16
11

61
26
35
6
5
14
5
5

116

57
27
30

10

2

2
-

42
18
24
20
4

19
61

-

-

15
2
13
13

2
25
56
53

16
-

-

2
-

96
48
212
37

136
-

-

-

90
66
168
80

96
-

-

9
-

40
38
176
68

36
-

-

1

218
407
14

2
-

-

-

-

625

-

-

9
-

2
-

-

57 5
155
440
36

437

143
--------- ------

2
-

1

90
347
25

59
126

-

5 9 . 00
5 1 .5 0
5 3 . 50
4 5 . 50

1
-

49
143
140

96
-

39. 0
38. 5
37. 5
3 9 .5

537
— T5 2 “
385
4
51

r r
3

25
183
122

-

5 2 . 50
6 4 . 00




12
1
1

36
-

3 8 .5
40. 0

S e e fo o tn o te at end o f t a b le .
* T r a n s p o r t a t io n (e x c lu d in g r a i l r o a d s ) ,
* * F i n a n c e , in s u r a n c e , an d r e a l e s ta te .

19
8
46

-

629
52
77
123
195
182

R e t a il tr a d e
__________________________________________________
F i n a n c e * * __________________________________ - __________________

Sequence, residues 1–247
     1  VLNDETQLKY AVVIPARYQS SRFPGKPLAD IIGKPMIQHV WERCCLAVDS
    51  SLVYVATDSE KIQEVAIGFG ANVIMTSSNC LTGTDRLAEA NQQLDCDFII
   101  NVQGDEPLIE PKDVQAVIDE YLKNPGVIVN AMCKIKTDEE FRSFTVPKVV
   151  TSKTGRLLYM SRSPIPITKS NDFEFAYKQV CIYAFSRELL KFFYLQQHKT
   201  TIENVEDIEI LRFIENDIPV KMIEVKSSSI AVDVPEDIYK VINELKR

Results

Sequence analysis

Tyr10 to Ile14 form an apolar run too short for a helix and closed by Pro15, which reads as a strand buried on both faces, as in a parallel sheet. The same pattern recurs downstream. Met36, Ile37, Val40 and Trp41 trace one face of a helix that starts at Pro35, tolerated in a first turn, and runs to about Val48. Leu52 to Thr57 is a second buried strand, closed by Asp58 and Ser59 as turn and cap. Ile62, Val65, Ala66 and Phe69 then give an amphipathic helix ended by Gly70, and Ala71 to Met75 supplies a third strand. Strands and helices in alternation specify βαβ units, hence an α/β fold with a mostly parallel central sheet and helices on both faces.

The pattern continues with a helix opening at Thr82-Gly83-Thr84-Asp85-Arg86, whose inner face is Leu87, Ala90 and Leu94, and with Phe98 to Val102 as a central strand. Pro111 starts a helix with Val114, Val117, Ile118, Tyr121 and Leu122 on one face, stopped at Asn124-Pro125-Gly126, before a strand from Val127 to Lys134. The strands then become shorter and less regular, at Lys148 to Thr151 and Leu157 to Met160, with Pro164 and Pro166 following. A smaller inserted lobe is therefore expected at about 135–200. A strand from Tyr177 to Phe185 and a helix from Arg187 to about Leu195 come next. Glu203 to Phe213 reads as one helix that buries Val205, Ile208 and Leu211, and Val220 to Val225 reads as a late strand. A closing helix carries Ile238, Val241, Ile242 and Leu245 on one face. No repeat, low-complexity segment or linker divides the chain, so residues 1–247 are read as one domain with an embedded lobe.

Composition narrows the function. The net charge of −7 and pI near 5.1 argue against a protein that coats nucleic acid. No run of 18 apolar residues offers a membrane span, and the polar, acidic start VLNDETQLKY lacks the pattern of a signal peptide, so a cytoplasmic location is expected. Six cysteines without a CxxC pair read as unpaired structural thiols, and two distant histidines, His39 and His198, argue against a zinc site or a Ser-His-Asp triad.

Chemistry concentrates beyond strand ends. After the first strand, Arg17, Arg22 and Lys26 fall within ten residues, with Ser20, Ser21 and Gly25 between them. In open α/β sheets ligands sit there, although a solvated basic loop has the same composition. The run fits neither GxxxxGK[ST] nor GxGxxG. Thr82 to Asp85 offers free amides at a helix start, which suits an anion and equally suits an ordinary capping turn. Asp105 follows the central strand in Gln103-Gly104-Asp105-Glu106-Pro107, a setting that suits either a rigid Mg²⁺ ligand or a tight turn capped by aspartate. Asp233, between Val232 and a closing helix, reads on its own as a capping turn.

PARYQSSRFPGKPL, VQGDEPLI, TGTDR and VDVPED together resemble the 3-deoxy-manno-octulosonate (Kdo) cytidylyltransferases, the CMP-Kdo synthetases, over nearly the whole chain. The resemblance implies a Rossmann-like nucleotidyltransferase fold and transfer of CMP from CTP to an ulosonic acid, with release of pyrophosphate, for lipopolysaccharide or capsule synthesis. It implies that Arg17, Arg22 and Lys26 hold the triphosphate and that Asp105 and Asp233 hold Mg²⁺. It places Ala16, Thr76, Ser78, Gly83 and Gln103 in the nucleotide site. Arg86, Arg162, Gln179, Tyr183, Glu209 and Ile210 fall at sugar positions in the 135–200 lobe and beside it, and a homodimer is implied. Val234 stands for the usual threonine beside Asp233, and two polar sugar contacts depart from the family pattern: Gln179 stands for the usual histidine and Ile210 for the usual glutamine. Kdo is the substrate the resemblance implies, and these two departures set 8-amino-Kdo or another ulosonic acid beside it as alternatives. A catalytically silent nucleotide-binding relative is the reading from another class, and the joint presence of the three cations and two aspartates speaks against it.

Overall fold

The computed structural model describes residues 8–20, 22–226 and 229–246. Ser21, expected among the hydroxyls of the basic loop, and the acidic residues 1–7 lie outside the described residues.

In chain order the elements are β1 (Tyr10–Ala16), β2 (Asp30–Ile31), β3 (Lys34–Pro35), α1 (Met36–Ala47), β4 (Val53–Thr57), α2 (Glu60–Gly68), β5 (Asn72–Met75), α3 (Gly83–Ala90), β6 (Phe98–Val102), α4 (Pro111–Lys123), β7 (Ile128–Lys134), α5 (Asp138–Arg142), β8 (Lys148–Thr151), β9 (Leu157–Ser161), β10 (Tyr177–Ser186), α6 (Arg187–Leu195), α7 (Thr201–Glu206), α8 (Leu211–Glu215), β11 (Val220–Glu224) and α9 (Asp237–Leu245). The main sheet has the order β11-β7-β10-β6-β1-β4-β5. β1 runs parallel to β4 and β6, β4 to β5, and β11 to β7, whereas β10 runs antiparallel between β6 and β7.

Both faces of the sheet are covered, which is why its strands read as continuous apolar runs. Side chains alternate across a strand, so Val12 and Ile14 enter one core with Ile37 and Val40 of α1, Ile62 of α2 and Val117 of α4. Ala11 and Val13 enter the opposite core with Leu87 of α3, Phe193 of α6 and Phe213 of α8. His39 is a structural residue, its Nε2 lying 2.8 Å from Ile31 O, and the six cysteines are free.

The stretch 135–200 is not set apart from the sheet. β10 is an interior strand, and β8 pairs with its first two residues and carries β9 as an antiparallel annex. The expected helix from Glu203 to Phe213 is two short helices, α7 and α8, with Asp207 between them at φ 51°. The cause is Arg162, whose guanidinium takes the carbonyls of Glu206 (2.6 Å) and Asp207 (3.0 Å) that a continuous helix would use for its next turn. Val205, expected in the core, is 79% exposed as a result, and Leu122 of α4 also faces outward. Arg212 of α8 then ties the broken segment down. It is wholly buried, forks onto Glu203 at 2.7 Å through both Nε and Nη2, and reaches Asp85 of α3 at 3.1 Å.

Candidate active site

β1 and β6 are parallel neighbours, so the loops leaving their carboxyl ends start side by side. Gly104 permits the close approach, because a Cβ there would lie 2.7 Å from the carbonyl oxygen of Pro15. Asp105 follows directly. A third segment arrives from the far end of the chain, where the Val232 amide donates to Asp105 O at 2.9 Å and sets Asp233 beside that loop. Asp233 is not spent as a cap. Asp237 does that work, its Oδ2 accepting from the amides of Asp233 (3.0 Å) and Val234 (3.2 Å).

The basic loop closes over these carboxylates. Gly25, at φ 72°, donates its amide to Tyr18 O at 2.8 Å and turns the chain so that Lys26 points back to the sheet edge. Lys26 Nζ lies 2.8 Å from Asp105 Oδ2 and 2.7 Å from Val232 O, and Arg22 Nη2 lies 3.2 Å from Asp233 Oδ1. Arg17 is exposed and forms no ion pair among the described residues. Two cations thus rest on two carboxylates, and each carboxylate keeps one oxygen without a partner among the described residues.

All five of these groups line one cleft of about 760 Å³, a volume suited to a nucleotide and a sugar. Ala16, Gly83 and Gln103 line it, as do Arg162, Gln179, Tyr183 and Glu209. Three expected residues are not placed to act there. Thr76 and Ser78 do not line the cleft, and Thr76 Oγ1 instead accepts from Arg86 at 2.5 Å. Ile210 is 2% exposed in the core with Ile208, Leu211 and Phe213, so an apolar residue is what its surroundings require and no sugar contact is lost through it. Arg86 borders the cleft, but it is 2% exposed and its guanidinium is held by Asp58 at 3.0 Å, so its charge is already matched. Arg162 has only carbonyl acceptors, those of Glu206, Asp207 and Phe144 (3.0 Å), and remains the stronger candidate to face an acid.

S e r v i c e s __________________________________________________________

21
10
58

2
-

N o n m a n u f a c t u r i n g ________________________________________________
P u b l i c u t i l i t i e s * ______________________________________________
W h o l e s a l e t r a d e _______________________________________________
R e t a i l t r a d e ____________________________________________________
F i n a n c e * * ______ ________________________________________ ___
S e r v i c e s __________________________________________________________

N o n m a n u f a c t u r i n g _________________________________________________
_____________________________________________
W h o le s a le t r a d e

45
76

—

-

10
1

1?
40
34
5
-

132

261
-------S i 227
136

6
8

38. 0

1 ,1 6 5 "'
1 ,9 8 6
187
493
19 8
865
243

29
3

93

6
61

1
-

3 ,0 9 0

S t e n o g r a p h e r s , g e n e r a l ____________________________________________
M a n u f a c t u r i n g ______________ _____________________________________

81
8

16
28

26
-

292
1 ,2 0 2
782

18

109
7

8
13
37

20

-

52